Tuesday, March 9, 1999

Easy green

Posted on Tue, Mar 9, 1999 at 4:00 AM

At least once a year, on St. Patrick's Day, many Americans take to the streets in search of an Irish way to celebrate. There's no reason to settle for fake green beer at chain outlets when there are wee mom-and-pop pubs that can dish out the real deal, like Claddagh Cottage, on Curry Ford Road, of all places. Keep your eyes open as you drive east from Semoran Boulevard past the blur of shopping strips to spot the sliver storefront and shamrocked sign.

Inside Claddagh (pronounced KLA-dah) Cottage, it's like a scene from "The Quiet Man." Faded lace curtains hang in the windows, wooden beams crisscross on the ceiling. Dusty black-and-white photos of the old country fill the walls, and the whistles of Irish folk music fill the air. Instead of John Wayne and Maureen O'Hara, you'll find proprietors Jimmy and Kathy Mulvaney, formerly of Dublin and Limerick, respectively. They keep the ale flowing, fortified by traditional Irish stick-to-your-ribs meat-and-potatoes fare.

Jimmy Mulvaney claims to serve the best pint of Guinness in town, using a "double-pour" method that's been approved by the brewery: He fills the glass three-fourths of the way, then allows time for settling before topping off with a smooth, creamy head ($3.50). He refined his art at Mulvaney's Irish Pub on Church Street, which he co-founded with his brothers before branching off. The two pubs are different as night and day. Where Mulvaney's is a polished club that attracts a business crowd by day and barflies by night, Claddagh Cottage is a neighborhood draw, where the beer splatters on the wall only add to the character.

We visited on a Sunday, and some menu items weren't available, like "Cottage pie" ($5.25), a beefy stew crowned with mashed potatoes. So we started with a "country sausage roll" ($4.25). It was a glorified pig-in-a-blanket, but good, with two links of mild Irish pork sausage baked in puff pastry. We tried a steak and mushroom pastry pie, and another with chicken and mushrooms ($5.25 each). Both were filled with savory, meaty gravy inside buttery crusts. We also enjoyed a steamy "Dubliner" sandwich ($5.50), stuffed with shredded roast beef, sautéed onions and melted Swiss cheese.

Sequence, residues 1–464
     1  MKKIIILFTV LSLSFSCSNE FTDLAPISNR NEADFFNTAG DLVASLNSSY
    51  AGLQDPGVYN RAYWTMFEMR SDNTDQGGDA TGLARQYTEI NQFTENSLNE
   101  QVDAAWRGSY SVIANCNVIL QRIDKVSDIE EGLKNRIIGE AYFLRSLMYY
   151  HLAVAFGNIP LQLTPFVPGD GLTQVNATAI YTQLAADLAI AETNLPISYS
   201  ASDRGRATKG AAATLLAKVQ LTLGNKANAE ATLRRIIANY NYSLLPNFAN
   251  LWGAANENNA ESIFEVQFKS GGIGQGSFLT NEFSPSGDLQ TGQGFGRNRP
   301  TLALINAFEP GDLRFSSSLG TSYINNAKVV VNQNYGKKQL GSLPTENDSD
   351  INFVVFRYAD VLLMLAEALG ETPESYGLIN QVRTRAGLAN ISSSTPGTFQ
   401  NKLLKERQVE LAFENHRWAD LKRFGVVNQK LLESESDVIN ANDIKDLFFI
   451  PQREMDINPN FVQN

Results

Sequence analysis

Claddagh Cottage is laid-back, so don't expect speedy service or get in a twist if some items aren't available. Expect a friendly crowd that includes genuine Irish expatriates lined up at the bar, as well as others trying to soak in that world-famous Irish charm.


We welcome readers to submit letters regarding articles and content in Orlando Weekly. Letters should be a minimum of 150 words, refer to content that has appeared on Orlando Weekly, and must include the writer's full name, address, and phone number for verification purposes. No attachments will be considered. Writers of letters selected for publication will be notified via email. Letters may be edited and shortened for space.

Email us at

Orlando Weekly works for you, and your support is essential.

Our small but mighty local team works tirelessly to bring you high-quality, uncensored news and cultural coverage of Central Florida.

Unlike many newspapers, ours is free – and we'd like to keep it that way, because we believe, now more than ever, everyone deserves access to accurate, independent coverage of their community.

Whether it's a one-time acknowledgement of this article or an ongoing pledge, your support helps keep Orlando’s true free press free.


Never miss a beat

Sign Up Now

Subscribe now to get the latest news delivered right to your inbox.

Read the Digital Print Issue

October 27, 2020

View more issues


© 2020 Orlando Weekly

Website powered by Foundation